“In order to make satisfaction for men, Christ assumed the person of the guilty nature (of humanity) (debentis suscepit personam naturae)… Christ is not mere man, but God and man at the same time… And this man I worship along with the Godhead as the cooperarius divinae auctoritatis, as the instrumentum of the goodness of the Lord… as the living purple garment of the king,… separo naturas, sed conjungo reverentiam. That which was formed in the womb of Mary is not God Himself… but because God dwells in Him whom He has assumed, therefore also He who is assumed is called God because of Him who assumes Him. And it is not God who has suffered… We will therefore call the Holy Virgin (qeodocoV/theodokhos), but not (qeotokoV/theotokos) for only God the Father is qeotokoV; but we will honor that nature which is the garment of God along with Him who makes use of garment, we will separate the natures and unite the honour, we will acknowledge a double person and worship it as one.”
We will now introduce three quotations from the writings of Nestorius, which recent scholars try to prove were written by him, in the so called book ‘Bazar of Heracleides’, with the aim of justifying his teaching. Nevertheless, we can see clearly that the writer of this book has maintained the teaching of two persons in Christ and of the prosopic union he claimed against the natural and hypostatic union taught by the doctors of the Church.
U “Therefore the image of God is the perfect expression of God to men. The image of God, understood in this sense, can be thought of as the divine prosopon. God dwells in Christ and perfectly reveals himself to men through him. Yet the two prosopa are really one image of God.”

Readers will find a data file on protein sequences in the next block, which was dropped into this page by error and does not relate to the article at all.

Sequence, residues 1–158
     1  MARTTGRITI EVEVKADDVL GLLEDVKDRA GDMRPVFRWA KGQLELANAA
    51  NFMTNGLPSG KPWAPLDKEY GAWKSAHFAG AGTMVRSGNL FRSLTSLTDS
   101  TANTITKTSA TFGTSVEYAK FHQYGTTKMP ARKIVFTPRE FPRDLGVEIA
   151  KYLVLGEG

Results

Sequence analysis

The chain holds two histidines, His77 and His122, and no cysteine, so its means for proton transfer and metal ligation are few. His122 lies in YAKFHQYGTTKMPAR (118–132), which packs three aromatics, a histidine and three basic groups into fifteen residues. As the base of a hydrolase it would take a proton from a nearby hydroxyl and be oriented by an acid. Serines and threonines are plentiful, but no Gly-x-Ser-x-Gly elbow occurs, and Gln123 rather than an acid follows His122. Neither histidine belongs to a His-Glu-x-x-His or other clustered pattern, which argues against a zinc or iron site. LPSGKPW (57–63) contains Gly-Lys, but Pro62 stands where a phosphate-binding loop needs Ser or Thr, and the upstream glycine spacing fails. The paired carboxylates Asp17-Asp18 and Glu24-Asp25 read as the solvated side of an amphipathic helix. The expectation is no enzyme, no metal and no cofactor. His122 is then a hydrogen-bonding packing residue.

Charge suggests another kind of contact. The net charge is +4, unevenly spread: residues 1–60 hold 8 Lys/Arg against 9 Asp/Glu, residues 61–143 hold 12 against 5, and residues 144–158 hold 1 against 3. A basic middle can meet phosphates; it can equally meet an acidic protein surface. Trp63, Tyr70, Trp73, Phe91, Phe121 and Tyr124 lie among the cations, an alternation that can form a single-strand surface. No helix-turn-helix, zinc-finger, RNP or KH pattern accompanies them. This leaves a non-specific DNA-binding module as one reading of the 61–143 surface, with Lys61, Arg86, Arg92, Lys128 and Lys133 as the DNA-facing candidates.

U “Two are the prosopa, the prosopon of he who has clothed and the prosopon of he who is clothed.”
U “We must not forget that the two natures involve with him two distinct hypostaseis and two persons (prosopons) united together by simple loan and exchange.”
Hefele C. J., History of the Councils of the Church, reprinted from the edition of 1883, Edinburgh, AMS First Edition pub. in 1972, U.S.A. Vol. III, p. 7, quoting Dorner,L.C.S.52 and § 19 in Hardouin and Mansi, ll.cc.
 Ibid., quoting Hardouin and Mansi, ll.cc § 29, Dorner, l.c. p. 52.
 [It is used of dancers joining hand in hand].
 Ibid., p. 9, quoting Hardouin and Mansi, ll.cc. § i.; Dorner, l.c.S. 50.
* The Assyrians.
 Translated from the Arabic publication of the Letters of Saint Jacob of Serugh, Letter 14, by Father Dr. Behnam Soni, 1995 vol. 3, pp. 223-228, Pastoral Center for Research and Studies– Mar Rokoz Monastery, Dakwana – Lebanon. Published in ZDMG 30 (1876), pp. 220-226, edit. P. Martin, Manuscript British Museum Cod. dclxxii (dated A.D. 603), (Wace, H. & Piercy, W. C. (Eds.) A Dictionary of Christian Biography, Hendrickson, Massachusetts 1994, p. 551).
 Hefele C. J., p. 16, quoting Marius Mercator, l.c. pp. 789-801.
 Rowan Greer : ‘The Image of God and the Prosopic Union in Nestorius’ Bazar of Heraclides in Lux in Lumine, Essays to Honor W.Norman Pittenger, edited by R.A. Morris jr., New York 1996, p. 50; quoted by Metropolitan Aprem G. Mooken in his paper “Was Nestorius a Nestorian?” published in Pro Oriente, Syriac Dialogue, First Non-Official Consultationon Dialogue Within the Syriac Tradition, Hofburg Marschallstiege II A-1010 Vienna 1994, p. 223.
9 Bazar of Heraclides (LH 193), quoted by Bernard Dupuy, OP, ‘The Christology of Nestorius’ published in Pro Oriente, Syriac Dialogue, First Non-Official Consultation on Dialogue within the Syriac Tradition, Vienna, 1994, p. 113.